This is an interesting question! Every person engaged in interreligious dialogue will give you a different answer. For me (Cattoi), interreligious dialogue requires the ability to be conversant in two different religious traditions, remaining grounded in one’s own while also engaging the other with integrity. This means that one should be open to points of contact between two traditions, while also acknowledging the presence of irreducible differences.

What do you typically publish?

The journal publishes articles, book reviews, and news items on the relationship between Buddhism and Christianity. The journal is open to a variety of methodologies, including comparative theology and religious studies, and we accept submissions from Buddhist authors, Christian authors, and authors of any or no religious/denominational background. The articles selected for publication address both historical and contemporary topics, including speculative reflections on classical texts and material culture, as well as matters relevant to Buddhist and Christian practice today. We also traditionally publish the papers from the panels sponsored by the Society in conjunction with the annual AAR meeting.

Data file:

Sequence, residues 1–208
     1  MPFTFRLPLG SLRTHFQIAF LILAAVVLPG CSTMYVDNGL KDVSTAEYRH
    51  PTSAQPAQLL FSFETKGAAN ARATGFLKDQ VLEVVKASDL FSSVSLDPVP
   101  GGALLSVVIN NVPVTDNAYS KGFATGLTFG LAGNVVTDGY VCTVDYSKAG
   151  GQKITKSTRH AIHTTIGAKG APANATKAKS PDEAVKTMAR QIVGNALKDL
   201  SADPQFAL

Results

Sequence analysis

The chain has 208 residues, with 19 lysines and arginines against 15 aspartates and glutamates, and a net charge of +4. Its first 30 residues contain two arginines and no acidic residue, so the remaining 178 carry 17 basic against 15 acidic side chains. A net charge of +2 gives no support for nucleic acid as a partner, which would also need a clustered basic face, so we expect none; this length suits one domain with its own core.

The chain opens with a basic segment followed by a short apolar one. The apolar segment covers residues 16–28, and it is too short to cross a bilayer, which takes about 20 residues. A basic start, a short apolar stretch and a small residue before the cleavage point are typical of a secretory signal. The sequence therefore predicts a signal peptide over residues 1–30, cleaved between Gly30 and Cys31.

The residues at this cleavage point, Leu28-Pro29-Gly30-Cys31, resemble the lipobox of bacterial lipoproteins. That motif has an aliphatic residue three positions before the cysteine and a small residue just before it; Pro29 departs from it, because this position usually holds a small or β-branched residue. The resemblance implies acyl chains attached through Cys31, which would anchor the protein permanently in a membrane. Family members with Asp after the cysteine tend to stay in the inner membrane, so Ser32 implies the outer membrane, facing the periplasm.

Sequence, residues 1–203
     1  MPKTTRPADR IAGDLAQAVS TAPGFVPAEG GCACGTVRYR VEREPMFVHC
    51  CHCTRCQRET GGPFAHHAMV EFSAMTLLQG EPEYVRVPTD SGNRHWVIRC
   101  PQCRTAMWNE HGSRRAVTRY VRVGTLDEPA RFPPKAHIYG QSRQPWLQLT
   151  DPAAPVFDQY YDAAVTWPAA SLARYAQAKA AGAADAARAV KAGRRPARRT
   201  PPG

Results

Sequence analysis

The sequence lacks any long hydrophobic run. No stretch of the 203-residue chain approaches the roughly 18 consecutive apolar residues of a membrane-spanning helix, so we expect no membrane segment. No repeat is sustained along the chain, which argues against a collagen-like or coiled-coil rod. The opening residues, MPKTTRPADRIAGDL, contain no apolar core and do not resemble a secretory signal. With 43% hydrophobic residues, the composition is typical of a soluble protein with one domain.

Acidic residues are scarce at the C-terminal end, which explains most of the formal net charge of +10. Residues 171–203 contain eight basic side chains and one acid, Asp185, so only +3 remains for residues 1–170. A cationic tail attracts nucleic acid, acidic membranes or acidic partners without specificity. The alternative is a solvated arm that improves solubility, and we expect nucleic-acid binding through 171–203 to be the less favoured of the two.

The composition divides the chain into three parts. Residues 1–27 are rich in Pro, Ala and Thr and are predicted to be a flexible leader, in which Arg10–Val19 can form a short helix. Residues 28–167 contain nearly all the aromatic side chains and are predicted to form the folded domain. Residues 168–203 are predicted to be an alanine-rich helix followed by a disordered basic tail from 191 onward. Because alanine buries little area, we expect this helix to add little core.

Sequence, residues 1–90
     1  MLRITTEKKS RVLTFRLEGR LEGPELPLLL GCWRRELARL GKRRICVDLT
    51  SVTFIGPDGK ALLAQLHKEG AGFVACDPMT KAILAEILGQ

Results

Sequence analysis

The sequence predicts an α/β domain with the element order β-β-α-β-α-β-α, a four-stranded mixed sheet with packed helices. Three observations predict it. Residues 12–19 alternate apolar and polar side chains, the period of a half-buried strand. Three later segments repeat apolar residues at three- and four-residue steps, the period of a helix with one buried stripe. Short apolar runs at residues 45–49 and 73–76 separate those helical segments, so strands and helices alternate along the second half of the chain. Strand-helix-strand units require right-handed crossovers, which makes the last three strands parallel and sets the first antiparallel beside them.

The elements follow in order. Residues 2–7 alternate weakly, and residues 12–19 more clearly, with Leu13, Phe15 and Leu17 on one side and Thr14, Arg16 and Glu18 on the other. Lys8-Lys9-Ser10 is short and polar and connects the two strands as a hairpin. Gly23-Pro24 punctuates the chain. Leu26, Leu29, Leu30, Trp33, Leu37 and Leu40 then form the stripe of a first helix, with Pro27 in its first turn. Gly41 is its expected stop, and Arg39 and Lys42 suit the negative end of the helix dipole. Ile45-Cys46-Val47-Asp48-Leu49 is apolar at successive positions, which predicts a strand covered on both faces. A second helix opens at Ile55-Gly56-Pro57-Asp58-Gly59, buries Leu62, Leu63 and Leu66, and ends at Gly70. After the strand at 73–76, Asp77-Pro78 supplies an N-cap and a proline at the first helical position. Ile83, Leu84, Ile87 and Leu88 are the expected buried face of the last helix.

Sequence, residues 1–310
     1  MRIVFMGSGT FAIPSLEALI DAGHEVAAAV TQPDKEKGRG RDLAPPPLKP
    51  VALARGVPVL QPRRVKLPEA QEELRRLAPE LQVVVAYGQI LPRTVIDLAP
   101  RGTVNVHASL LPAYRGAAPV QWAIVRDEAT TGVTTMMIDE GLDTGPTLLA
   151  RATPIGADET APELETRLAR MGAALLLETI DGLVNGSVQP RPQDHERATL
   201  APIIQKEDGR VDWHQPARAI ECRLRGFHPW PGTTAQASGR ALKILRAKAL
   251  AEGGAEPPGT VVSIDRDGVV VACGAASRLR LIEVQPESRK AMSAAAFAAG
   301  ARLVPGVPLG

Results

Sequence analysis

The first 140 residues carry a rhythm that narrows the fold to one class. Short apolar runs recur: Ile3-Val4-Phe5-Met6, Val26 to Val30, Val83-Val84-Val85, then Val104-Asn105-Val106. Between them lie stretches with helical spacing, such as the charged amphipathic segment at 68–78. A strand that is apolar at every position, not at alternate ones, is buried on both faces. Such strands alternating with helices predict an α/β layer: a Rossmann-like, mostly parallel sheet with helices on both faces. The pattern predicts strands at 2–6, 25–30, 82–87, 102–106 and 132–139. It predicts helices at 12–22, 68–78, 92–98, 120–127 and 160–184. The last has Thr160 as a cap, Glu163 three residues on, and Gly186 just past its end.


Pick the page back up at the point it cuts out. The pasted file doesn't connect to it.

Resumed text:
Carol Anderson
Carol Anderson, co-editor of Buddhist-Christian Studies

Volume 37 opens with a special section titled “What is Wrong with Us? What is Wrong with the World?” What’s that all about?

At the annual meeting of the AAR in 2015, the Society for Buddhist-Christian Studies sponsored a panel on karma and original sin, featuring a number of speakers that explored the relationship between the two notions. Clearly, there is quite a lot that is wrong with our world! Different religious traditions have attempted to offer different answers and this is what was discussed at the panel. Volume 37 features a number of papers that grew out of this panel presentation.

Each issue of Buddhist-Christian Studies includes a Frederick J. Streng Award winner. Who is Frederick J. Streng and how is this award chosen?